Last month, 467 single-family homes sold on the Multiple Listing Service® (MLS®) System compared to 438 in July and 540 one year ago. The number of apartments changing hands last month dropped by 13 per cent while townhouse sales increased by 16 per cent.
Inventory of single-family homes in August was down slightly from one year ago (1,342 compared to 1,352), dropping five per cent from July but still significantly higher than the 749 properties available in January. The supply of apartments and townhouses dipped 14 per cent and 10 per cent from one year ago, respectively.
The weaker sales seen so far in 2018 were expected because 2016 and 2017 were exceptionally healthy years for real estate, setting record levels that could not be maintained indefinitely. However, VIREB’s housing market is still strong compared to where it sat four years ago.
“The broad demographic trend for the VIREB area continues to include baby boomers and retirees, who are less affected by stricter mortgage qualification rules because they don’t typically need mortgages,” says Cameron Muir, chief economist for the British Columbia Real Estate Association (BCREA). “As a result, even when sales bottom out, they’re doing so at lower levels on Vancouver Island.”
In its 2018 Second-Quarter Housing Forecast, BCREA anticipates that MLS® residential sales in the province will decline by nine per cent to 94,200 units this year from 103,700 in 2017.
“B.C. housing markets have benefited from the provincial economy expanding well above trend growth over the past four years,” says BCREA chief economist Cameron Muir. “However, economic growth is expected to slow and reflect the long term average this year.”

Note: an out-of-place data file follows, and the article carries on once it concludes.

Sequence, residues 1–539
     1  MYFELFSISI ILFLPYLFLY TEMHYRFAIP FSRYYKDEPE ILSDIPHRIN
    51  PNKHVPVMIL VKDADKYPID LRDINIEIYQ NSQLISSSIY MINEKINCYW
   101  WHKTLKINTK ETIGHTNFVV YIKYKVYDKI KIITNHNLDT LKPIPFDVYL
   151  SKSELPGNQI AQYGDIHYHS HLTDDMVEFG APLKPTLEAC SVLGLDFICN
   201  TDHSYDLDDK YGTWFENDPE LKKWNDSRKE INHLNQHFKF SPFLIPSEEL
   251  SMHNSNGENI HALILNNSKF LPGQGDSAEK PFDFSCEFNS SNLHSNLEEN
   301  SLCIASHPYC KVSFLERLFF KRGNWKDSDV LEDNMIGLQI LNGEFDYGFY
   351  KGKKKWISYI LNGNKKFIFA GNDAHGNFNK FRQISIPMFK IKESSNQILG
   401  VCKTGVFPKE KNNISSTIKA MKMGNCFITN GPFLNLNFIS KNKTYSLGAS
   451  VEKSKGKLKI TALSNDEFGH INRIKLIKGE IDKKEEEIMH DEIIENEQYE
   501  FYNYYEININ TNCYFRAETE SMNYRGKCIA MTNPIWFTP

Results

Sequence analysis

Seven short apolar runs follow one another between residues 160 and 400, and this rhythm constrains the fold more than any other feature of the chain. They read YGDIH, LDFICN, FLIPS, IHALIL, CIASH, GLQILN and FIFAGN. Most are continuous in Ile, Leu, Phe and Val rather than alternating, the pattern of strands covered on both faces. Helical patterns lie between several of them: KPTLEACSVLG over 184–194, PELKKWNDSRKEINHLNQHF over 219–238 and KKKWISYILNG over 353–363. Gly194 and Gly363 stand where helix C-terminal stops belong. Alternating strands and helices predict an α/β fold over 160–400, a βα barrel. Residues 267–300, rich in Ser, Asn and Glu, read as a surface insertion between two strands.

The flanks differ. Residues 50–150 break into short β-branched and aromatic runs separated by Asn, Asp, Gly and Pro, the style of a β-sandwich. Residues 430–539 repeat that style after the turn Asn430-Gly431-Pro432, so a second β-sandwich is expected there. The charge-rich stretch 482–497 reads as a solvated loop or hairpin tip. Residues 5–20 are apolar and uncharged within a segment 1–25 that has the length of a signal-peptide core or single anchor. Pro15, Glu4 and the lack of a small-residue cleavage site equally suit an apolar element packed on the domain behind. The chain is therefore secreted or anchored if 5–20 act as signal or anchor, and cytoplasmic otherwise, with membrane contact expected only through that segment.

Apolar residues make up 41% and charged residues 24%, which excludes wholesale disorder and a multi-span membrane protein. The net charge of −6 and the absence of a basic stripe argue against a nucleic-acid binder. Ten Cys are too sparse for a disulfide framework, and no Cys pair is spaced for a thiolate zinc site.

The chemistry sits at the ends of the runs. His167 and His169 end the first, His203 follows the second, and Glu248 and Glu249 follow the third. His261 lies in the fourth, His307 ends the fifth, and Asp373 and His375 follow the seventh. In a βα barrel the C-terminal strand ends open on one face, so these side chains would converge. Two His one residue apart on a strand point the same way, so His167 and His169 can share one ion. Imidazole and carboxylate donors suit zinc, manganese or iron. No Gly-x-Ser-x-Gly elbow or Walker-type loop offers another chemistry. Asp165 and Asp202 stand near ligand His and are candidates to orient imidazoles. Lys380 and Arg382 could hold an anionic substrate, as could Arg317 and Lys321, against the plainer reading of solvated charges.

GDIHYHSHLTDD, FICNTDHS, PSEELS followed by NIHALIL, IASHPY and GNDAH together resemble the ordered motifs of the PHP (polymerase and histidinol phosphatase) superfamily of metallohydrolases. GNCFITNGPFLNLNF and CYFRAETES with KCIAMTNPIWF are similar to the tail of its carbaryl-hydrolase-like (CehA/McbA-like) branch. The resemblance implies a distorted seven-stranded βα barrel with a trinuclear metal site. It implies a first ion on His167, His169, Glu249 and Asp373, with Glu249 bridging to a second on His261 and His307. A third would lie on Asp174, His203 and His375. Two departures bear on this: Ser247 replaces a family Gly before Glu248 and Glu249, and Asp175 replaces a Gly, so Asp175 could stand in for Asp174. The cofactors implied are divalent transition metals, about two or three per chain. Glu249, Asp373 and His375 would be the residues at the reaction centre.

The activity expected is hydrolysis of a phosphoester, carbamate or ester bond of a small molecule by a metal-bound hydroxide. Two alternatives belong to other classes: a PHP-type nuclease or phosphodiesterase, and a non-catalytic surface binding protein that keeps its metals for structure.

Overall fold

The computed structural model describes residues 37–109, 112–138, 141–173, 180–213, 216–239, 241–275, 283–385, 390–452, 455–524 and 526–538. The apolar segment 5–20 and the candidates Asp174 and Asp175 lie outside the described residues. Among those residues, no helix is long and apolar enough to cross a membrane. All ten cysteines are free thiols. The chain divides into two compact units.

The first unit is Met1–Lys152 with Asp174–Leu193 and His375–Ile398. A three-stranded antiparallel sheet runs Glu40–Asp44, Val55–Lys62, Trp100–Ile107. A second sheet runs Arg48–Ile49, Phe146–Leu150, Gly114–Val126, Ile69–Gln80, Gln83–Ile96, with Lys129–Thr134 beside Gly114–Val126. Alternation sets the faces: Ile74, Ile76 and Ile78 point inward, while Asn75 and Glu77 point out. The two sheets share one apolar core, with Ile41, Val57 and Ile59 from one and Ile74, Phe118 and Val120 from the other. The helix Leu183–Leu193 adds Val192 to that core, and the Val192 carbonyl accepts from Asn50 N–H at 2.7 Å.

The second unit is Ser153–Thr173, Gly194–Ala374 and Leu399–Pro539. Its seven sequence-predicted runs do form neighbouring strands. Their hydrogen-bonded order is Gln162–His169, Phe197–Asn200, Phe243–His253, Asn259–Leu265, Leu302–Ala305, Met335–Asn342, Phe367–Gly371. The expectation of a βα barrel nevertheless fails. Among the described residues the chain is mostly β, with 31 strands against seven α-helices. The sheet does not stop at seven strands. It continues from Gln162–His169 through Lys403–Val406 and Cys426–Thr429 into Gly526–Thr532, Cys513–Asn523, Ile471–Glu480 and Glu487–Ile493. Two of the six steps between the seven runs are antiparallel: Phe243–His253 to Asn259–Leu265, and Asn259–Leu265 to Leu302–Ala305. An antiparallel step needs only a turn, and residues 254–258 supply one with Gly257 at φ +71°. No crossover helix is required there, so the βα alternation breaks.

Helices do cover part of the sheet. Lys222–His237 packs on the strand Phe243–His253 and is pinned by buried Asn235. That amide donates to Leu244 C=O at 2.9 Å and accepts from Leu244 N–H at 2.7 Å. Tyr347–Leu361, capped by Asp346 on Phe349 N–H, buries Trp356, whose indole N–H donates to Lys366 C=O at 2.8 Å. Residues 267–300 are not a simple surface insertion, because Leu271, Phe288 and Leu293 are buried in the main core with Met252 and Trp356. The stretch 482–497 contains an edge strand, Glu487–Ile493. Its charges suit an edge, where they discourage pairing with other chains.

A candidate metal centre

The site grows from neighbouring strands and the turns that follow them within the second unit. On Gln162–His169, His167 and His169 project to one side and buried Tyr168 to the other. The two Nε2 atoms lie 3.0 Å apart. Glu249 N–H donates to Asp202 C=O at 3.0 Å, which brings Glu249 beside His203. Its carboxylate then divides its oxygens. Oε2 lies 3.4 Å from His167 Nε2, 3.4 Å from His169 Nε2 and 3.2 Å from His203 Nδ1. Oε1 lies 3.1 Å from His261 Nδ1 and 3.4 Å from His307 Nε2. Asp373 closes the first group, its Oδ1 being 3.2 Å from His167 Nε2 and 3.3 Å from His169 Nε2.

VIREB’s long-term sellers’ market does appear to be moving towards more balanced conditions. The benchmark price of a single-family home for the overall board area posted its first significant drop this year, with modest price reductions also occurring in Campbell River, Duncan, and Parksville-Qualicum Beach. Multiple offers are not as frequent, but for homes in the $300,000 to $500,000 range, they are still more common than not. That said, sellers still need to price their homes accordingly. Today’s buyers are savvy and well-informed when they arrive at the negotiating table.
“Sellers need to be realistic when it comes to price,” says Don McClintock, 2018 VIREB President. “Not every property is worth a million dollars, and overpriced homes just take longer to sell.”
The benchmark price of a single-family home board-wide was $505,800 in August, a 12 per cent increase from one year ago but down from June’s $510,300 and July’s $510,700. (Benchmark pricing tracks the value of a typical home in the reported area.) The benchmark price of an apartment last month was $317,700, up 20 per cent from one year ago. In the townhouse category, the benchmark price hit $413,600, up 15 per cent over August 2017.
Last month, the benchmark price of a single-family home in the Campbell River area was $404,300, an increase of 12 per cent over August 2017. In the Comox Valley, the benchmark price reached $509,200, up 13 per cent from last year. Duncan reported a benchmark price of $455,100, up eight per cent from August 2017. Nanaimo’s benchmark price rose 10 per cent to $546,200 while the Parksville-Qualicum area saw its benchmark price increase by 13 per cent to $574,200. The cost of a benchmark home in Port Alberni reached $303,600, up 22 per cent from one year ago.